British Chemists Get Biogradable Polycarbonates from Sugar

Jun 28th, 2017

Polymer Chemistry journal announces about a revolutionary invention of the British chemists that in the future will exclude carbohydrates from the production of polycarbonates and other plastics. A technology includes the transformation of sugar and carbon dioxide into polycarbonates. Plastic products are highly demanded by the growing population of the globe. Originally and up till now, fossil fuels have been the basic element for polymer production. However, these resources are high-priced and not eco-friendly which makes an alternative technology of plastic production more attractive to consumers. The production of renewable plastics from sugar and carbon dioxide is cheap. Moreover, biodegradable plastics will not pollute the world ocean and the surface of the earth compared to oil and gas products.

Conventional plastics are non-bio gradable and are left behind in the waste landfill for hundreds of years. Annually over 300 million tonnes of plastic contaminate the environment. Plastic fractions hurt and kill many birds, fish and sea animals.  British scientists offer the solution of the coming plastic collapse with new methods of polymer and plastic synthesis that can be applied in the production of eyeglasses, compact disks, kitchenware, electronics and other household items.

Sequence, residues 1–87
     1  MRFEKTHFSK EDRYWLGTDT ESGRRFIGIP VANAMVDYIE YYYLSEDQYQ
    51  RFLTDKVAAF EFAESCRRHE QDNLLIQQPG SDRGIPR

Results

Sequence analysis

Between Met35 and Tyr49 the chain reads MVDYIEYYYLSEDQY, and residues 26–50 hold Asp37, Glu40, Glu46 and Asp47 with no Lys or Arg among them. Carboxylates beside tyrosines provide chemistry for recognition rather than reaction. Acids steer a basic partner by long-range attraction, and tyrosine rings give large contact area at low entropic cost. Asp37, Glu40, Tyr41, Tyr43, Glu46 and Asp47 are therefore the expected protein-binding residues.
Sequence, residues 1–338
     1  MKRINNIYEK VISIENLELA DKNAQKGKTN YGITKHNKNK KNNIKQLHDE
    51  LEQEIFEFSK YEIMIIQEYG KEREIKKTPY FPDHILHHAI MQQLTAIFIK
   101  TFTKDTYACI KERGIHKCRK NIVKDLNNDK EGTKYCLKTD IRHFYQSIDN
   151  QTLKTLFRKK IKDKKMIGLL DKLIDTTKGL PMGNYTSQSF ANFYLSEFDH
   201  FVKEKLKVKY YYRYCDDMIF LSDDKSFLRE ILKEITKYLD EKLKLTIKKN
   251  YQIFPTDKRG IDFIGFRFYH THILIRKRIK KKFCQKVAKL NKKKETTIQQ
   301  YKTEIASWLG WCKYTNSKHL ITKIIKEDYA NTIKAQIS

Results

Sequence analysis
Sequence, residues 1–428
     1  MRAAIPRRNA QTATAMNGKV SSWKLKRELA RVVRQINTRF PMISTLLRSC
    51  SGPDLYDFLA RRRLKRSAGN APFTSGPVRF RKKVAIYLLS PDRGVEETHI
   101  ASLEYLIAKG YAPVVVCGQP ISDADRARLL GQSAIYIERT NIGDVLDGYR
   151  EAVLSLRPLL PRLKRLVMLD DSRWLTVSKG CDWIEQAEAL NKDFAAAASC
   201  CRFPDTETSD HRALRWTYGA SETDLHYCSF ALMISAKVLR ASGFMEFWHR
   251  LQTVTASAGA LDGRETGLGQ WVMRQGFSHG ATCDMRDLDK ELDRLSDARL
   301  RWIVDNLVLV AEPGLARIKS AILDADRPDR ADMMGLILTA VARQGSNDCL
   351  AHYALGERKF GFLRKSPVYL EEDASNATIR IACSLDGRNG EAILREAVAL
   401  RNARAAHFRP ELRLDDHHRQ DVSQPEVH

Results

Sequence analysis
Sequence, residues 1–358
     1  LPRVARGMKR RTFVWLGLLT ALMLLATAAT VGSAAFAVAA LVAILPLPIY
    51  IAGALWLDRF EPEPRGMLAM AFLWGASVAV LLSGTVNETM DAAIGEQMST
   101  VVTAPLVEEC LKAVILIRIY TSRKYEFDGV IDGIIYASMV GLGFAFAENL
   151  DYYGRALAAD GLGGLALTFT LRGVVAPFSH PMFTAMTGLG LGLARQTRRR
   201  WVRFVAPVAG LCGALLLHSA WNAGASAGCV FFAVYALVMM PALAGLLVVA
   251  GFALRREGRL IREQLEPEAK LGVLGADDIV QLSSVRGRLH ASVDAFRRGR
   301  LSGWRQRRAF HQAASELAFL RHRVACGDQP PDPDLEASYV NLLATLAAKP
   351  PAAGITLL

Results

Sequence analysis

This method of synthesis bonds together the molecules of elementary sugars and carbon dioxide at room temperature thus turning them into single elements of future polymer molecules. Finally, these molecules form long chains without heating and catalysing. It means that a new technology does not require carbon oxychloride and other toxic catalysts which are currently used at polymer facilities.

Innovative polymers or polycarbonates are well biodegradable and are currently used in food production and medical industry.  Simple sugars together with carbon oxide from the atmosphere enable manufacturers to produce eco-polymers which can be widely applied in everyday life and at manufacturing sites.

These plastics are flexible and can be modified according to the function of a product. For instance, the scientists are introducing a new method for the artificial growth of organs and tissues for a human body.